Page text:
African American Women And High Blood Pressure

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    ( — High blood pressure happens when blood can’t flow easily
    through your blood vessels. This puts pressure on your vessels, which damages
    the vessels and strains your heart. As a result, blood doesn’t flow as well to
    your organs, and you can have a heart attack, stroke, or kidney failure.

    High blood pressure has no symptoms. See your doctor once a year to have your
    blood pressure checked.

    One out of three Americans has high blood pressure. African American women of
    all ages develop high blood pressure more often than non-Hispanic white women.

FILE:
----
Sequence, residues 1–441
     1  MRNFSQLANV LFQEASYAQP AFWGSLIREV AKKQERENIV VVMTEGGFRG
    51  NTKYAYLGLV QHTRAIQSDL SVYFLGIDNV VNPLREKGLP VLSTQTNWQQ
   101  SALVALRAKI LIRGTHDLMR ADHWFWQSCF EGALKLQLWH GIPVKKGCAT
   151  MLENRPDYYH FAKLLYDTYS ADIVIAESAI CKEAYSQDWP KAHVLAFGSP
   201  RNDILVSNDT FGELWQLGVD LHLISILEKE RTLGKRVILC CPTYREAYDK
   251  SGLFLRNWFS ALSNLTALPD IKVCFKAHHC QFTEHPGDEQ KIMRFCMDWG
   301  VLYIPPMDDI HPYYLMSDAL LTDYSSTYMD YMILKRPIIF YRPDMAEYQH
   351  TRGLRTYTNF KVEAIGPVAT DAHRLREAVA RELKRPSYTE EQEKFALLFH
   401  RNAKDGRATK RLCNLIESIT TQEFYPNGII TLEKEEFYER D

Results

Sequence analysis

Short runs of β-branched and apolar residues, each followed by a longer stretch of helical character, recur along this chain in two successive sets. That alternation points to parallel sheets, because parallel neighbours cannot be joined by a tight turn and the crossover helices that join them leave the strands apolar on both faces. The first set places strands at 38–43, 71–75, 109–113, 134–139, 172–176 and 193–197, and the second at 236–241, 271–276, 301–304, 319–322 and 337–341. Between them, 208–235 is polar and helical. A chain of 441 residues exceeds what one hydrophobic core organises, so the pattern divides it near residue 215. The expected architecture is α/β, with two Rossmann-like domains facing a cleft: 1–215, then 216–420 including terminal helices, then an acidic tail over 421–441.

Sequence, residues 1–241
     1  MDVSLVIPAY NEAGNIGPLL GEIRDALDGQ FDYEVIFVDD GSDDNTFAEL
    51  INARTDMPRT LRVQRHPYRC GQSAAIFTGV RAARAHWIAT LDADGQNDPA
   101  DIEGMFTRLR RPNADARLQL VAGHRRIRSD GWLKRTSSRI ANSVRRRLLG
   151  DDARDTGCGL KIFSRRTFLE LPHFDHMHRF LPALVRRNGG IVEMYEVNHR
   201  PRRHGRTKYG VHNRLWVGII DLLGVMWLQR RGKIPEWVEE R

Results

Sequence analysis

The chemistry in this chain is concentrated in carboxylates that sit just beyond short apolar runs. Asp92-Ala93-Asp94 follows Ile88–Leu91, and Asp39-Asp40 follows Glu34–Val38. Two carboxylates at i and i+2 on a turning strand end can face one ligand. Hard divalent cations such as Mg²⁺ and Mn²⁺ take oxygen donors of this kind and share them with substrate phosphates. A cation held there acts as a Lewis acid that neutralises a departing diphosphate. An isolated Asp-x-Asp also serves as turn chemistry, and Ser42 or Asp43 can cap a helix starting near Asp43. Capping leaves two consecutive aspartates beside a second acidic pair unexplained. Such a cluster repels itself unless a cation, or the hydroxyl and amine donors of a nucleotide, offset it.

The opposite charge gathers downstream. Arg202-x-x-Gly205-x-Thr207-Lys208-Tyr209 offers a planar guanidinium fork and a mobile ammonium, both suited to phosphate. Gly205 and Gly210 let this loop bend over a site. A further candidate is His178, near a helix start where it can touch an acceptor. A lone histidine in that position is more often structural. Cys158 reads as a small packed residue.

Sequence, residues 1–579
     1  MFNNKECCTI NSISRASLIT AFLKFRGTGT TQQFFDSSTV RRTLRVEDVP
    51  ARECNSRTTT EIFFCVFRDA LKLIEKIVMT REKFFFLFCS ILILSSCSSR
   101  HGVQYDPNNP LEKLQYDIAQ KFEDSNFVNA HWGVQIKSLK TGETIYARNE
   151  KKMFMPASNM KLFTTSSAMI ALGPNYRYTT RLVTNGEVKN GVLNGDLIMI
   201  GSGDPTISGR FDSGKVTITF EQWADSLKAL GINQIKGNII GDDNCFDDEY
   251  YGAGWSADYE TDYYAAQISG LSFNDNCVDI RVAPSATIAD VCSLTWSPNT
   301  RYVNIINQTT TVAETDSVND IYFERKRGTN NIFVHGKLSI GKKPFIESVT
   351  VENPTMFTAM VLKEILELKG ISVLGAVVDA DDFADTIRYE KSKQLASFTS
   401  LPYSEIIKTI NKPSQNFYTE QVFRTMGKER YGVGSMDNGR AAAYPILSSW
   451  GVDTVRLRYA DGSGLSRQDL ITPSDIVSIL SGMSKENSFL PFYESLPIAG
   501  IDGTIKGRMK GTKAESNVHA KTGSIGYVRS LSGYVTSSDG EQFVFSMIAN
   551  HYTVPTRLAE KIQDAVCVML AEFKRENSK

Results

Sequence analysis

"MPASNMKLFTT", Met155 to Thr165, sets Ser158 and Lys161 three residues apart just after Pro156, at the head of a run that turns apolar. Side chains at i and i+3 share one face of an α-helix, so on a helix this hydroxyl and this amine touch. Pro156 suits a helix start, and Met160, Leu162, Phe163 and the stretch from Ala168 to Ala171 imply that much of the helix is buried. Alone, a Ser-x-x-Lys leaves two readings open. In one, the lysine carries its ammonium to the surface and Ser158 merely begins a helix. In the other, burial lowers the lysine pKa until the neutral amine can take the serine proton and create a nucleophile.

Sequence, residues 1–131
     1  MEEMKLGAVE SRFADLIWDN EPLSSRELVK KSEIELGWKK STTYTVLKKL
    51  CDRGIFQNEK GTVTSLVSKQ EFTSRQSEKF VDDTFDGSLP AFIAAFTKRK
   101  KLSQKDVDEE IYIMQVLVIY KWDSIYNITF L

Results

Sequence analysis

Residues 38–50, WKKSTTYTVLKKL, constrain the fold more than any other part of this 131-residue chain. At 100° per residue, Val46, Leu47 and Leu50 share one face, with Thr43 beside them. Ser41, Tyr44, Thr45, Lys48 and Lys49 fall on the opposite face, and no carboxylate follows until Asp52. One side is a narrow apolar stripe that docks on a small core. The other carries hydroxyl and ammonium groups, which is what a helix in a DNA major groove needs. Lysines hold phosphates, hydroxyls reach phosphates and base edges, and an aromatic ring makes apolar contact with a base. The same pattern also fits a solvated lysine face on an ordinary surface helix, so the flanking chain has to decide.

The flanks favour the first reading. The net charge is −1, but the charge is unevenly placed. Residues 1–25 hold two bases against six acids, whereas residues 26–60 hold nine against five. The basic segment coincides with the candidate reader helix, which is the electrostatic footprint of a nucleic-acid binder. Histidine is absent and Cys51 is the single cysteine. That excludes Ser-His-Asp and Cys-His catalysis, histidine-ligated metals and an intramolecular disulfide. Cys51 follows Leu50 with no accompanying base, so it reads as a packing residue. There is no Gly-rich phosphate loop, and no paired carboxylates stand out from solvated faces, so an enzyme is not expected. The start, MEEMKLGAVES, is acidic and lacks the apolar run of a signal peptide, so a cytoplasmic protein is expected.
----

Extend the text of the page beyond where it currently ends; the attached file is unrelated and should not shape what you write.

Some things increase your chances of having high blood pressure: increasing age
    (middle aged or older), diabetes, obesity (or being overweight), alcohol use,
    eating too much salt, a family history of high blood pressure, and not

    Making some lifestyle changes can help prevent or control high blood

    • If you are overweight, lose weight. Losing just 10 pounds
    can lower your blood pressure.

    • Get moving. Aim for 30 minutes of exercise a day, most
    days of the week. Try taking the stairs instead of the elevator. Or, walk during
    breaks at work.

    • Eat right. Eat lots of fruits, vegetables, and whole
    grains. Choose low-fat dairy products. Eat less salt.

    • Don’t smoke. If you smoke, try to quit. 

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